Need for Feeds: Social media buff carving out digital career

Rommel Wood ’07 managed to graduate from high school without owning a mobile phone. She was one of the last of her friends to get one in college.

Rommel Wood '07 works in social media marketing.

Rommel Wood '07 works in social media marketing.

Today she’s on the cutting edge of technology in a field best described as social media marketing.

Wood spends a good portion of her work days logged on to Facebook and Twitter, but you can be sure she’s not tending a virtual farm or sounding off on the day’s “trending topics.”

Wood is a social media planner and what she does online — working with various companies on their digital image — is strictly business. Her employer, GyroHSR, is a primarily business-to-business marketing agency specializing in Web 2.0 strategies.

“I’m looking for something that is a predictor: ‘OK, I see a lot of people are updating from their phones, maybe I should get that app and see what it’s all about,’” explains Wood, who got her start as the social media eyes and ears of the Showtime cable network. “People are using this for a reason. How can I connect that app to a brand that is trying to get its message out in a unique way?”

Social media has changed the way people — lots of people — live, learn and work in a relatively small period of time, says Dr. Ulises Mejias, assistant professor of communication studies.

“Before, perhaps, it used to be thought of as the domain of young people,” he says. “It’s really become a much more general social phenomenon.”

“It’s a revolution that’s here to stay,” says Mejias, whose “Introduction to New Media” course debuted this semester.

Touting millions of users and making just as many headlines, Facebook and Twitter have emerged as the most visible social networking services. But, there are many others out there, says Wood.

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Essentially, they are all platforms that allow people to share cool stuff — either content or thoughts — with other people, like friends, family, fellow fans of said stuff and even professional peers. It’s also becoming a great marketing tool.

“Social media’s kind of a question mark right now and people are still skeptical,” Wood says. “I think it’s really important that brands start using this space with more purpose.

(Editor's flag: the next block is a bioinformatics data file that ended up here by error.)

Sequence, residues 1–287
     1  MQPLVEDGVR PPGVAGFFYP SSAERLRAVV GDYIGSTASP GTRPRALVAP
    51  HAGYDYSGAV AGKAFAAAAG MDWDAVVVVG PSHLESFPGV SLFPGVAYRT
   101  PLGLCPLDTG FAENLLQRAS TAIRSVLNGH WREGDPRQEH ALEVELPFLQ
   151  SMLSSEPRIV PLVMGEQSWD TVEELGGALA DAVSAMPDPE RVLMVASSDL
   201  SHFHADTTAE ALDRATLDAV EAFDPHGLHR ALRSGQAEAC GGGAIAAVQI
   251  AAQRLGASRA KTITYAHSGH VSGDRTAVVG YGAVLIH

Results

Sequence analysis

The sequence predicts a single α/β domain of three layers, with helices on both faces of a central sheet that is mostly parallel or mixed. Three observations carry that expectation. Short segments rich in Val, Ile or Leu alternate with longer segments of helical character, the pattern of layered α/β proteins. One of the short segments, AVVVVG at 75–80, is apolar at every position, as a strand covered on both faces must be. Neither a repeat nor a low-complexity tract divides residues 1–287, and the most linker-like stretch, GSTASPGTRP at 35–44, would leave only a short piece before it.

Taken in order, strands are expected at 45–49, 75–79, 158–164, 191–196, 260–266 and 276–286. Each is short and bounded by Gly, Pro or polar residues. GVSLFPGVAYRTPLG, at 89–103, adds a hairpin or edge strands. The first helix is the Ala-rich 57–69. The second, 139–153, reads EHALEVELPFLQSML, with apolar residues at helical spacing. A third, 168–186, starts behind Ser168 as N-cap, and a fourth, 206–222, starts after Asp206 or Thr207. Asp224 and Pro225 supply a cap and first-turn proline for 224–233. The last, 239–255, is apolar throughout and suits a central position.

“Clients are curious and they want to know what best practices are,” she adds.

The Oswego communication studies major broke into the social media niche with Showtime, where she used blogs and other digital spaces to collect fan feedback about the premium cable channel’s shows. She also maintained more than a dozen Facebook pages and Twitter feeds for the network.

It sparked a personal obsession of sorts with being connected, she said. Today the girl who was a “late adopter” of mobile technology now monitors her iPhone constantly.

“It’s that weird kind of tribal need to know what’s going on,” Wood explains. “I think it’s become an occupational hazard.”

But maintaining her own online presence and embracing new technology has helped further her young career.

“It’s all about knowing how to use it,” says Wood. For example, she uses Twitter — a micro-blogging service that allows you to share links and thoughts in 140 characters or less — and sites like Tumblr — an emerging site that allows users to share various pages they find interesting with others — as listening tools.

“I’m passionate about a lot of things, this lets me [connect with them],” says Wood. “I love to absorb information, I love researching things and understanding why and how. I always have to know a little bit more.”

For consumers, that means staying closer to and knowing more about their favorite brands. With Facebook fan pages becoming a given in any marketing strategy, Wood finds ways to make the most effective use of them and the numerous other tools constantly coming on line.

“Mobile and iPad technology are huge points of interest for marketers right now,” says Wood. It’s the ubiquity of such technology that is blurring the line between digital and traditional marketing.

“I’m proud of my field,” she says. “I want to make a name for myself in this field. I want to be a pioneer.”

— Shane M. Liebler

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